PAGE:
The semi-final showdown in Turin on July 4, 1990 with bitter rivals West Germany has become the stuff of legend. Gazza had largely dictated the game, driving the team on with a fearless and spirited performance. Late in the game he received a booking for an over-enthusiastic rather than malicious challenge on an opponent. It meant he would miss the final, should England get there. His subsequent outpouring of emotion on the pitch is what many people remember him for and how he became defined in many people’s eyes. His wobbly bottom lip and tears were heart-breakingly genuine, leaving every fan in England, if not elsewhere, fully sympathising with him. To his credit, he put personal disappointment aside and continued to drive his team on to within a whisker of winning. Despite being the better team during the match, England lost the game via a dramatic penalty shoot out.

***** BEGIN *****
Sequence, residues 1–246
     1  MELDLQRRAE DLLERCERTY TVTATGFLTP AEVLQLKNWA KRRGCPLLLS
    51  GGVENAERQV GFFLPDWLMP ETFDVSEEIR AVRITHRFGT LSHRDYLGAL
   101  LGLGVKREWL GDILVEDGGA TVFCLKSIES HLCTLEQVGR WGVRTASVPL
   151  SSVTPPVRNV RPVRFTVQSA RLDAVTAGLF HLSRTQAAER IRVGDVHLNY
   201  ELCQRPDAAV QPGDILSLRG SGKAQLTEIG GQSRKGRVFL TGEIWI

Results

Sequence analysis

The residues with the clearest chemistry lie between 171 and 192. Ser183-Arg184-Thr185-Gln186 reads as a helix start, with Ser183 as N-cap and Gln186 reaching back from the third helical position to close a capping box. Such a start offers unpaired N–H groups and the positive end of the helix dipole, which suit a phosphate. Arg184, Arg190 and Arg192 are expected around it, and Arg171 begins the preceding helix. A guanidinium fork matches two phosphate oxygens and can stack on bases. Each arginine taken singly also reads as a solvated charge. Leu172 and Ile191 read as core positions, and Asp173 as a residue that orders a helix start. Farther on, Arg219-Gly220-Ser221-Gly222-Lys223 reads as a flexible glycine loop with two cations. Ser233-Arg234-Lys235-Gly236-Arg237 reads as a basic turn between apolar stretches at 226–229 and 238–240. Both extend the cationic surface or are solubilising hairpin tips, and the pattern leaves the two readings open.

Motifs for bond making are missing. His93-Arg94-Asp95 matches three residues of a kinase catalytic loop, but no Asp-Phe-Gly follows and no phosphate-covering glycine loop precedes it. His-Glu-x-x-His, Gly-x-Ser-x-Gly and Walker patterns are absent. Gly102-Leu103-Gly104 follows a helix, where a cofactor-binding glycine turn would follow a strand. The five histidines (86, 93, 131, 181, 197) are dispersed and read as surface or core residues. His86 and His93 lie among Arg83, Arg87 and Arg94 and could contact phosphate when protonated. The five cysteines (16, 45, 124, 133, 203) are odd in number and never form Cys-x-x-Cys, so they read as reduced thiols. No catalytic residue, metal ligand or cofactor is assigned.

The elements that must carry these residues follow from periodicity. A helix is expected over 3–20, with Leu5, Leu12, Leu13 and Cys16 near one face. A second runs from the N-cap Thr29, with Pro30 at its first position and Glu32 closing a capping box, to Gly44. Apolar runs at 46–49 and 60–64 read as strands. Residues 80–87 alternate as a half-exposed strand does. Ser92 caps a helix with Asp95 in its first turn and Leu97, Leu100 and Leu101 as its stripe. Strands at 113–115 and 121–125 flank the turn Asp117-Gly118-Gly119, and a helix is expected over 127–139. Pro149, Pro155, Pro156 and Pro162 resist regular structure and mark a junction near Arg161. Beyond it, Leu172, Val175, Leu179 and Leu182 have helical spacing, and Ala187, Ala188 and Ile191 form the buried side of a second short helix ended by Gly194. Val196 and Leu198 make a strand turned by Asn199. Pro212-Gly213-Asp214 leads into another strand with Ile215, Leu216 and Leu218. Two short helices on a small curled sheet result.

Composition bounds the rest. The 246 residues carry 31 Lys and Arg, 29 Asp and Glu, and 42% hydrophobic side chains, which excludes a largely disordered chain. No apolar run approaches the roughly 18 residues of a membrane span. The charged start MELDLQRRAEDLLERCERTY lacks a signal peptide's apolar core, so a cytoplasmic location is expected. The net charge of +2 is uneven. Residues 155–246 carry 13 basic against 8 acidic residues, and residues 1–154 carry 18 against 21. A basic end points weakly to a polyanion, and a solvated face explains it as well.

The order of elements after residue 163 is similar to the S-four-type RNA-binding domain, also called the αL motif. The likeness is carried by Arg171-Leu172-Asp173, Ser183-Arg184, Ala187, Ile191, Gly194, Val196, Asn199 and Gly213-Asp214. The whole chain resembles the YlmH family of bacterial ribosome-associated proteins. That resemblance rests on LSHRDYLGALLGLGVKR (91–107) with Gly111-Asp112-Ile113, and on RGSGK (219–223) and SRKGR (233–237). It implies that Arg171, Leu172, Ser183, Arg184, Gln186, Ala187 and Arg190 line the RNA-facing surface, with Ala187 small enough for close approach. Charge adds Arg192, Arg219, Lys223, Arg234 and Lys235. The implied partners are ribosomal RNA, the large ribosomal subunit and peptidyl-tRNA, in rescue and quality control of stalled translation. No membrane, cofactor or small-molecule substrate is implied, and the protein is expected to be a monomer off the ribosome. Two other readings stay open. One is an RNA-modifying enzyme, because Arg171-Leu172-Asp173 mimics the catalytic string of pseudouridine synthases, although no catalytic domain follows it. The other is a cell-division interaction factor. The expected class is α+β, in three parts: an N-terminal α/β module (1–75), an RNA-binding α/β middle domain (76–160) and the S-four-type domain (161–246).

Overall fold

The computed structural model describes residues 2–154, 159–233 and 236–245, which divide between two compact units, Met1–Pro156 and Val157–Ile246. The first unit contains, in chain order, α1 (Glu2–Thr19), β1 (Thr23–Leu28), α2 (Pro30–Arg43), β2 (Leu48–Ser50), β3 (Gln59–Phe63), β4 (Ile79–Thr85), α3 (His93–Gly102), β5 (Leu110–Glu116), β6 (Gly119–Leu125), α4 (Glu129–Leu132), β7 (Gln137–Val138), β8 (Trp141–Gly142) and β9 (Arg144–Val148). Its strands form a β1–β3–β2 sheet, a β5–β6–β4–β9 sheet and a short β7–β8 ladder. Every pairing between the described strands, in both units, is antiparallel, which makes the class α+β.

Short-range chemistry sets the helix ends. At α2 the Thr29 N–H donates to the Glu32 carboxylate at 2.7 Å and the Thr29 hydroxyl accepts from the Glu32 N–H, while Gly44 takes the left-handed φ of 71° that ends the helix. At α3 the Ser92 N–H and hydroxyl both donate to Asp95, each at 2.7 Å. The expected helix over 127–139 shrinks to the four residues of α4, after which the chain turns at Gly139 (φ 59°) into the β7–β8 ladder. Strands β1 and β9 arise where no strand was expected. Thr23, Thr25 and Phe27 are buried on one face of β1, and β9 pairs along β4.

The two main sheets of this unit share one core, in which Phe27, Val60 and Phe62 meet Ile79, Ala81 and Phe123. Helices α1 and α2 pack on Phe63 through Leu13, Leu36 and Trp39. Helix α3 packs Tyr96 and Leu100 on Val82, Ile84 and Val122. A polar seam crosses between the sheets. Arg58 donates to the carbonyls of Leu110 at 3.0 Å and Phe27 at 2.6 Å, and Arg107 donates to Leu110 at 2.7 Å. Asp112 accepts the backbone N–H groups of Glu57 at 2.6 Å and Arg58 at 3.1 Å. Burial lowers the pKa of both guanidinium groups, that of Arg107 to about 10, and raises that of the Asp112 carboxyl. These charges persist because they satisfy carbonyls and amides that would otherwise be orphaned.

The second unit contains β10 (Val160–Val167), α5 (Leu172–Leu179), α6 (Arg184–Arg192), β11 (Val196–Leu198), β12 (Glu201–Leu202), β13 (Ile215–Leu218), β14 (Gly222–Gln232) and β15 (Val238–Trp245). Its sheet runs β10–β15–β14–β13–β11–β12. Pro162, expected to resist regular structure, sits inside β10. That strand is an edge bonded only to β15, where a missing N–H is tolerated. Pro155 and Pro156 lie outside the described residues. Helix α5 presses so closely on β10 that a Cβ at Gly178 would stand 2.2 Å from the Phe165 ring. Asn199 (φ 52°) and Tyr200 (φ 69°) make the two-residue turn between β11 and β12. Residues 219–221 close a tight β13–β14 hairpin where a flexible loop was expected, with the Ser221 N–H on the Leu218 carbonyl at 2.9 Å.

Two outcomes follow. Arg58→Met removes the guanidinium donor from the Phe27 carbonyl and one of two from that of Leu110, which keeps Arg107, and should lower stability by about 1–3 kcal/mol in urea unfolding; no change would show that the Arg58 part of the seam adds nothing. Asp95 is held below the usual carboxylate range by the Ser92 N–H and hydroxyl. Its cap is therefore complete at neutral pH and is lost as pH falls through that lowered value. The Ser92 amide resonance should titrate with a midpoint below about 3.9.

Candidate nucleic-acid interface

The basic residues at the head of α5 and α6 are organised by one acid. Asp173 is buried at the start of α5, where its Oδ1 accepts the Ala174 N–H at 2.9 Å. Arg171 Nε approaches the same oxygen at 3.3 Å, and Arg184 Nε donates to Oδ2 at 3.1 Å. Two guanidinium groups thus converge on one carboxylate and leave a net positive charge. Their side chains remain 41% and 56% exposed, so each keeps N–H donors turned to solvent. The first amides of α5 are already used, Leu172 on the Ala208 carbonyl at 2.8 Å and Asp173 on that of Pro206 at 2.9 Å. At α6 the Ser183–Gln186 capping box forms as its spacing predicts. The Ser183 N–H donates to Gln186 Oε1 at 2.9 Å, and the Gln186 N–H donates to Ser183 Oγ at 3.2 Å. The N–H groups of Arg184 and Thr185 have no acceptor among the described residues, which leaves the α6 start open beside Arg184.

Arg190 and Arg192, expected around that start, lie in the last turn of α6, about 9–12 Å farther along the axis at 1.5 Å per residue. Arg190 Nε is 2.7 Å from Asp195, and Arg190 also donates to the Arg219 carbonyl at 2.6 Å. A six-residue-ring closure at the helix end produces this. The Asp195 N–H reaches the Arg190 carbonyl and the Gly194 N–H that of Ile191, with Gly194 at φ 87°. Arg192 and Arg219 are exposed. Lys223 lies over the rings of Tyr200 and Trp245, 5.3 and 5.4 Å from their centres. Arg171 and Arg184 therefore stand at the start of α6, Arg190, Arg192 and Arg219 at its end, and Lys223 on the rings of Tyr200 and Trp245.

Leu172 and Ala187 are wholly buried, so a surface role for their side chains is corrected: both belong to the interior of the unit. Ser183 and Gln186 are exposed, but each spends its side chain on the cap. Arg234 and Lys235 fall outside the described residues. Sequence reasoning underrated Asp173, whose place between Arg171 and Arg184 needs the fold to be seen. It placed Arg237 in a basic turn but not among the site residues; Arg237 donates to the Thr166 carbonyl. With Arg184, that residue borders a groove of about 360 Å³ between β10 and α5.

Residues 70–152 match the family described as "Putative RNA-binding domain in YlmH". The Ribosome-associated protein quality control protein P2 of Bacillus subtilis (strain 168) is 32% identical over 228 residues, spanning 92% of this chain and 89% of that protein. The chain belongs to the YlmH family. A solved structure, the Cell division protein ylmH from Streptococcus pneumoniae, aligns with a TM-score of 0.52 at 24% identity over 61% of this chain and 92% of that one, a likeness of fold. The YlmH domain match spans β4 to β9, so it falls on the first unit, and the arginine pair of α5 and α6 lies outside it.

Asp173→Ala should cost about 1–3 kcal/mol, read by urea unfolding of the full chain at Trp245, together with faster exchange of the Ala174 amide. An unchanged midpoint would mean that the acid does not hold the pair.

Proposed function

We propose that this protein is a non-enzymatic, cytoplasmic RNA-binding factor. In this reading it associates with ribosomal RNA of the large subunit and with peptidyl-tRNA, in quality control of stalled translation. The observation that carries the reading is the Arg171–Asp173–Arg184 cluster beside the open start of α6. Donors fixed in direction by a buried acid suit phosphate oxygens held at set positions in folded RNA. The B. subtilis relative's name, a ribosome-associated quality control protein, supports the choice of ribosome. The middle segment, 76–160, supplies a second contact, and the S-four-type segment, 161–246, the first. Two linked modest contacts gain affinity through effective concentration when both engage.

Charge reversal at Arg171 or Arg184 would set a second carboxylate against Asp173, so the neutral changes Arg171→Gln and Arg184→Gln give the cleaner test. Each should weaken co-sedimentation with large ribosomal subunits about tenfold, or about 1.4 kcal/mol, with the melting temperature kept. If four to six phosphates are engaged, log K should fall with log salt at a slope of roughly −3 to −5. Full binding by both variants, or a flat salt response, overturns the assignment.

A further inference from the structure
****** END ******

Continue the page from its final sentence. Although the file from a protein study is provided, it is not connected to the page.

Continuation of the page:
The dream was over and every fan felt the bubble burst. It was a hollow, empty feeling. However, the sorrow and dismay was only temporary. Something had happened, something had changed and it felt like the beginning of something promising, as if brighter days were on the horizon; it felt OK to be positive and optimistic for the first time in a long time. It felt strange!